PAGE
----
Coffee — Trivia & History

Green, Roasted, Ground, and Instant CoffeeThe history of coffee is filled with legend, intrigue, innovation, and interesting bits of trivia.

While researching coffee brands for my spouse and me to try in our quest to find one that is environmentally friendly, socially responsible, tastes good, and reasonably priced, I found myself pondering coffee in general and broadening my research. This, in turn, led to a series of posts about coffee, of which this is the first.

Coffee Trivia

  • Coffee beans are the seeds of coffee cherries which grow on trees that can reach 30 feet in height and live for 60 to 70 years.
  • It takes approximately 2,000 coffee cherries, the harvest of one tree, to produce one to two pounds of roasted coffee.
  • Some people believe the word “coffee” is derived from Kaffa, a region in Ethiopia, others that it comes from the Arabic qawah or Turkish kahve.
  • Coffee Tree CherriesCoffee is the 2nd most traded commodity on earth, oil is the first.
  • Hawaii is the only U.S. state that grows coffee.
  • The retail value of the U.S. coffee market is estimated at $30-32 billion dollars of which specialty coffees make up about 50% of the dollar value.
  • Coffee was the first food to be freeze-dried.
  • Arabica, Java, and Mocha coffee varieties are named after their ports of origin.
  • Light roast coffee contains more caffeine than dark roast.
  • Coffee contains antioxidants which help prevent cell damage.
  • A sack of coffee weighs about 132 pounds and contains over 600,000 beans.
  • Possibly the first use of a webcam was in 1991 when Cambridge University researchers rigged one to monitor the coffee pot level in a distant break room.

Coffee History – A Few Highlights

 "Bean Belt" - Coffee Growing Regions of the WorldThe coffee tree is said to have originated in Ethiopia and eventually spread around the globe forming a “bean belt” roughly bounded by the Tropics of Cancer and Capricorn, 23.5° latitude north and south of the equator respectively.

  • 0850 – Legend has it that Kaldi, an Ethiopian goat herder, noticed his goats become lively after eating red berries from a certain type of tree. He tries them himself with a similar effect.
  • 1100 – Arab traders transport coffee from Ethiopia across the Red Sea to Yemen and cultivate it on plantations for the first time.
  • 1475 – Coffeehouses open in Constantinople and become known for their political debates, thus initiating the tradition of coffeehouses as gathering places for animated discussions.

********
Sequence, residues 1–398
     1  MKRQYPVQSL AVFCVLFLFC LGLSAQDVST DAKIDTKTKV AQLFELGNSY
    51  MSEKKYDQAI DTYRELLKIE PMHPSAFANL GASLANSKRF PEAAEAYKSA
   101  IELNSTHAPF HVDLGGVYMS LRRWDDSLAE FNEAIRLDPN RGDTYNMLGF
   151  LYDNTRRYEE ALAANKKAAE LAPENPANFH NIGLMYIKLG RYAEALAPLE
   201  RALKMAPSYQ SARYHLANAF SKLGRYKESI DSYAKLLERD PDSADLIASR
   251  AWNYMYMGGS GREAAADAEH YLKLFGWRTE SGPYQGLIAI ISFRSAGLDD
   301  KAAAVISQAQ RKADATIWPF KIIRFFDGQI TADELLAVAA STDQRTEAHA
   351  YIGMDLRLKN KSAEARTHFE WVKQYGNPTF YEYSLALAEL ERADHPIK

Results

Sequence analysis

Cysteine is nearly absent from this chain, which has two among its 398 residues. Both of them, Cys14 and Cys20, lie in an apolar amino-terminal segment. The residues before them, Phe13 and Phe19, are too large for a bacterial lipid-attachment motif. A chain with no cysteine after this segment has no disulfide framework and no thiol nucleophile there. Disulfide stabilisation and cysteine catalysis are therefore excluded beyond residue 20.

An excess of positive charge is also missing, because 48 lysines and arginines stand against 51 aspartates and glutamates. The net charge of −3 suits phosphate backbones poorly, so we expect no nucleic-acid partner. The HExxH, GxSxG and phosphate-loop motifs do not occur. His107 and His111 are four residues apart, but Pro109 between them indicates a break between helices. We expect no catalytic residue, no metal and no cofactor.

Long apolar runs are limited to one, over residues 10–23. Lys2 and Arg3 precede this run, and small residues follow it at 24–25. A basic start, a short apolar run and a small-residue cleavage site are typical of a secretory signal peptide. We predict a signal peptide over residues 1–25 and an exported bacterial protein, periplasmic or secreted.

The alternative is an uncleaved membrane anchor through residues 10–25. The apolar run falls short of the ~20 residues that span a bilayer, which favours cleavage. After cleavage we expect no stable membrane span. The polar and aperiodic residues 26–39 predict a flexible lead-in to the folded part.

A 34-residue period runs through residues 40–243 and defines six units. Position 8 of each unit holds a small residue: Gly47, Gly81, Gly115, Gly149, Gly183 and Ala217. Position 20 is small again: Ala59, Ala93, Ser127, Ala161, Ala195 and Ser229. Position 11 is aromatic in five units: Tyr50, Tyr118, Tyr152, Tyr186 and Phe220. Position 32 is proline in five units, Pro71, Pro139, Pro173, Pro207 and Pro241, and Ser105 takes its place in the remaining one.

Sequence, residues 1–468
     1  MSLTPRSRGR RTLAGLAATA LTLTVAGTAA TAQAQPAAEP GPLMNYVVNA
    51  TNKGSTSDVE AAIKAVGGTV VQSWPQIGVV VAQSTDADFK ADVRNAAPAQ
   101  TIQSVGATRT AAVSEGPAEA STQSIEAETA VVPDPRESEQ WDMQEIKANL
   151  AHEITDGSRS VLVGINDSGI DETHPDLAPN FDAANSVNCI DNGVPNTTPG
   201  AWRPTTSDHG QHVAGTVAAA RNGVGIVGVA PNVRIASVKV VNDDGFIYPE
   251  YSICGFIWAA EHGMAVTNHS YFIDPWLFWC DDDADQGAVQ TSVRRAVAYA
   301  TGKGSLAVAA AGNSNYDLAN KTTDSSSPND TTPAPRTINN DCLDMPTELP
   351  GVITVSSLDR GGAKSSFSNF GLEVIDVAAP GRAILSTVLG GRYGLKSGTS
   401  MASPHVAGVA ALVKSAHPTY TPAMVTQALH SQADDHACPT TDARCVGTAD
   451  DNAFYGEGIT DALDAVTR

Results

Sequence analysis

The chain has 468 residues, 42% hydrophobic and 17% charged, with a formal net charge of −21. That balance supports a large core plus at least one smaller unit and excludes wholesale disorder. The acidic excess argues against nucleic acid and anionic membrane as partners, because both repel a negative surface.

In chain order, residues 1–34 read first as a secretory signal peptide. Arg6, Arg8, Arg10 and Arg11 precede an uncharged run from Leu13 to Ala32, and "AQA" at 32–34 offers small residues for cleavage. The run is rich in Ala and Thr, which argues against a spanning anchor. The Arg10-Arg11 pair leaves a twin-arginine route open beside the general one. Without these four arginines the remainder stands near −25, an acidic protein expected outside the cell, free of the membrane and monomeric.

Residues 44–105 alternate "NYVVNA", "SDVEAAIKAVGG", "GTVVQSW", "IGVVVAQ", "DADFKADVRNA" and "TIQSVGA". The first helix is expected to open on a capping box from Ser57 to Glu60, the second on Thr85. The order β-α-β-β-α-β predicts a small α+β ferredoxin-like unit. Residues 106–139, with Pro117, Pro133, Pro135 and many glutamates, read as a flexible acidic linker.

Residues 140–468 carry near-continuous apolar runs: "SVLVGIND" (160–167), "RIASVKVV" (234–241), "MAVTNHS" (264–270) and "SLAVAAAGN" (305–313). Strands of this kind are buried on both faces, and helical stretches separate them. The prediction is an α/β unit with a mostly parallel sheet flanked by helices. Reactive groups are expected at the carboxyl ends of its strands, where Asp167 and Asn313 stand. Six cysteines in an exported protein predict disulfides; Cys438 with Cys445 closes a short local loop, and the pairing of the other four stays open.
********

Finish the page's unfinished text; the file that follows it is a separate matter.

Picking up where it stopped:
• 1570 – Coffee drinking arrives in Venice and begins spreading across Europe.
  • 1668 – Edward Lloyd opens the first London coffee house which eventually morphs into the insurance company Lloyd’s of London.
  • Coffee Tree Plantation1718 – The Dutch begin the spread of coffee growing in Central and South American by planting trees at Surinam colony in northern South America.
  • 1723 – French naval officer, Gabriel Mathieu de Clieu, plants a coffee tree cutting on the island of Martinique in the Caribbean.
  • 1817 – During King Kamehameha’s reign, coffee cultivation is brought to Hawaii from Brazil by Don Francisco de Paula Marin.
  • 1864 – New York inventor, Jabez Burns, patents the first coffee roaster that did not need to be moved away from the fire to retrieve the beans.
  • 1903 – Ludwig Roselius and Karl Wimmer discover a way to remove caffeine from coffee beans.
  • 1908 – German housewife, Melitta Bentz patents the first paper coffee filter.
  • 1972 – The first automatic-drip coffee maker for home use, Mr. Coffee®, is introduced by Ohio businessmen Vincent Marotta Sr. and Samuel Glazer.
  • 1987 – Howard Schultz buys Starbucks and embarks on an expansion program to build a Starbucks on every corner.
  • 1998 – Keurig patents the K-Cup, a capsule containing one serving of ground coffee and a filter, which fits in their single-serve coffee brewing machine.
  • 2012Brazil is the world’s leading coffee producer, followed by Vietnam, Indonesia, Colombia, and Ethiopia.

Resources

Author: Linda Poppenheimer

Linda researches and writes about environmental topics to share information, spark conversation, and convince people to take action to keep earth habitable for all. She believes our individual actions do matter—it all adds up.

Leave a Reply

Your email address will not be published. Required fields are marked *